MicroPython

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MicroPython
Micropython-logo.svg
Original author(s)Damien P. George
Initial release3 May 2014; 5 years ago (2014-05-03)
Stable release
1.11 / 29 May 2019; 6 months ago (2019-05-29)
Repository Edit this at Wikidata
Written inC
PlatformARM Cortex-M, ESP8266, ESP32, 16bit PIC, Unix, Microsoft Windows, Zephyr, JavaScript
TypePython implementation
LicenseMIT license[1]
Websitemicropython.org

MicroPython[2] is a software implementation of a programming language largely compatible with Python 3, written in C, that is optimized to run on a microcontroller.[3][4]

MicroPython is a full Python compiler and runtime that runs on the micro-controller hardware. The user is presented with an interactive prompt (the REPL) to execute supported commands immediately. Included are a selection of core Python libraries; MicroPython includes modules which give the programmer access to low-level hardware.[2]

The source code for the project is available on GitHub under the MIT License.[5]

History[edit]

MicroPython was originally created by the Australian programmer and physicist Damien George, after a successful Kickstarter backed campaign in 2013.[6] While the original Kickstarter campaign released MicroPython with an STM32F4-powered development board "pyboard", MicroPython supports a number of ARM based architectures.[7] The ports supported in the mainline are ARM Cortex-M(many STM32 boards, TI CC3200/WiPy, Teensy boards, Nordic nRF series, SAMD21 and SAMD51), ESP8266, ESP32, 16bit PIC, Unix, Windows, Zephyr, and JavaScript.[8] Also, there are many forks for a variety of systems and hardware platforms not supported in the mainline. [9]

In 2016 a version of MicroPython for the BBC Micro Bit was created as part of the Python Software Foundation's contribution to the Micro Bit partnership with the BBC.[10]

In July 2017, MicroPython was forked to create CircuitPython, a version of MicroPython with emphasis on education and ease of use. MicroPython and CircuitPython support somewhat different sets of hardware (e.g. CircuitPython supports Atmel SAM D21 and D51 boards, but dropped support for ESP8266). As of version 4.0, CircuitPython is based on MicroPython version 1.9.4.[11]

In 2017, Microsemi made a MicroPython port for RISC-V (RV32 and RV64) architecture.[12]

Bytecode[edit]

MicroPython includes a cross compiler which generates MicroPython bytecode (file extension .mpy). The Python code can be compiled into the bytecode either directly on a microcontroller or it can be precompiled elsewhere.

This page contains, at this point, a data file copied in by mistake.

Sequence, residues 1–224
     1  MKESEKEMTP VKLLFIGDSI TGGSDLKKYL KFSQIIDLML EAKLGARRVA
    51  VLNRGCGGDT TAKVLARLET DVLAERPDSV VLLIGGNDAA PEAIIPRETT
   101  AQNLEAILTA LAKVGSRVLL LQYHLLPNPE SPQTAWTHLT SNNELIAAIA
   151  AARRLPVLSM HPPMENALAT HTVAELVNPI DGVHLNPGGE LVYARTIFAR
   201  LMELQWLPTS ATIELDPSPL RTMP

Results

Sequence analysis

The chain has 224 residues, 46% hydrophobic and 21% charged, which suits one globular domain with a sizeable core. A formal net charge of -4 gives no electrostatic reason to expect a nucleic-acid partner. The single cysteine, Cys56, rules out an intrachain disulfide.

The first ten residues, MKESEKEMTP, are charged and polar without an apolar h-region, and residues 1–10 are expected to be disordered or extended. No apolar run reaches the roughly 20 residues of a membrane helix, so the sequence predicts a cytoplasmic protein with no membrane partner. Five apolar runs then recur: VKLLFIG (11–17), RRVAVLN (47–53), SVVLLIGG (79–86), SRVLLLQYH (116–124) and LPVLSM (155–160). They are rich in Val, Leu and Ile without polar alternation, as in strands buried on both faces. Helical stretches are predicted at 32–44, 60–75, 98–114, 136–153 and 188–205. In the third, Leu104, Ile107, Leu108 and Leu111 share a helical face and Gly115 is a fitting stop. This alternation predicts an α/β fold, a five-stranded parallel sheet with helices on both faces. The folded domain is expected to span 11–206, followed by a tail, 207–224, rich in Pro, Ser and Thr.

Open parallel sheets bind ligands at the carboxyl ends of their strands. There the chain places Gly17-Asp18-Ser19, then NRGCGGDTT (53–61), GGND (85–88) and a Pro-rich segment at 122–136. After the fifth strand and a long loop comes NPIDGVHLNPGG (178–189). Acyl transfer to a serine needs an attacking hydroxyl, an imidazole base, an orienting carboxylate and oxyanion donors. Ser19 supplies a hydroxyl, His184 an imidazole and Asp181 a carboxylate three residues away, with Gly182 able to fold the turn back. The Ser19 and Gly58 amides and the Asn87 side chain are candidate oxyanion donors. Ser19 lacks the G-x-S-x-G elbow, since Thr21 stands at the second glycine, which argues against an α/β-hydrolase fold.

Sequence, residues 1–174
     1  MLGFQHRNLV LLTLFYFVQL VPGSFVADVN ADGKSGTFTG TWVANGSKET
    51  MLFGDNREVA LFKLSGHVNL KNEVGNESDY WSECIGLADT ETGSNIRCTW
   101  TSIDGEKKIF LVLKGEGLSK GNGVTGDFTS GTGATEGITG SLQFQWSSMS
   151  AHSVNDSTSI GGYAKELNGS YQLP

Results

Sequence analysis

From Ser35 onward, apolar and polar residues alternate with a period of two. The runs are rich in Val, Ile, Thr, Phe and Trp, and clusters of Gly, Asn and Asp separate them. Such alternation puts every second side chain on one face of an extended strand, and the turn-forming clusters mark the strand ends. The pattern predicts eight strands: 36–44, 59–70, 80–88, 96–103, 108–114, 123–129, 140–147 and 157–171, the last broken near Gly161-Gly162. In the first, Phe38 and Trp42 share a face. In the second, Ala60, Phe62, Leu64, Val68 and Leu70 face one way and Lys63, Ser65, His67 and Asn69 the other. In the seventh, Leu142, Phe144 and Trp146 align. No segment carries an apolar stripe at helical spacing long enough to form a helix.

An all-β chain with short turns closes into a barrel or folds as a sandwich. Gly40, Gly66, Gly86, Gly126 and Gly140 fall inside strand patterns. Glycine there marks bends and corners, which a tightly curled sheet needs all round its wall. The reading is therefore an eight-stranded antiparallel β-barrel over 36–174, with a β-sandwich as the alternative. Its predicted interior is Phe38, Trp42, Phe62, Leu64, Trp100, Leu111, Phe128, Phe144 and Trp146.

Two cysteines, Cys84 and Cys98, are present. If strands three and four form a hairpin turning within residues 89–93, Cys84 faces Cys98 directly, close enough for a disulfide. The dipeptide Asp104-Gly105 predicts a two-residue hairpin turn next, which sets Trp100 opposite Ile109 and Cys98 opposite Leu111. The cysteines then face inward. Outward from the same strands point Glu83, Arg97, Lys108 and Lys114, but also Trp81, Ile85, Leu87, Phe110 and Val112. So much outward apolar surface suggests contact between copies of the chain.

MicroPython firmware can be built without the compiler, leaving only the virtual machine which can run the precompiled mpy programs.

References[edit]

  1. ^ George, Damien P. (4 May 2014). "micropython/LICENSE at master · micropython/micropython". GitHub. Retrieved 11 February 2017.
  2. ^ a b "MicroPython - Python for microcontrollers". micropython.org. Retrieved 12 August 2017.
  3. ^ Venkataramanan, Madhumita (6 December 2013). "Micro Python: more powerful than Arduino, simpler than the Raspberry Pi". Wired. Retrieved 15 December 2016.
  4. ^ Yegulalp, Serdar (5 July 2014). "Micro Python's tiny circuits: Python variant targets microcontrollers". InfoWorld. Retrieved 15 December 2016.
  5. ^ "MicroPython on GitHub".
  6. ^ "Micro Python: Python for microcontrollers". Kickstarter. Kickstarter. Retrieved 15 December 2016.
  7. ^ Beningo, Jacob (11 July 2016). "Prototype to production: MicroPython under the hood". EDN Network. Retrieved 15 December 2016.
  8. ^ George, Damien P. "micropython/ports at master · micropython/micropython". GitHub. Retrieved 22 October 2019.
  9. ^ Sokolovsky, Paul. "Awesome MicroPython". GitHub. Retrieved 22 October 2019.
  10. ^ Williams, Alun. "Hands on with the BBC Micro-Bit user interface". ElectronicsWeekly.com. Retrieved 8 July 2015.
  11. ^ Shawcroft, Scott. "CircuitPython 4.0.1 released!". Adafruit Blog. Adafruit Industries. Retrieved 11 Jun 2019.
  12. ^ "RISC-V Poster Preview — 7th RISC-V Workshop" (PDF). 28 November 2017. Retrieved 17 December 2018.

External links[edit]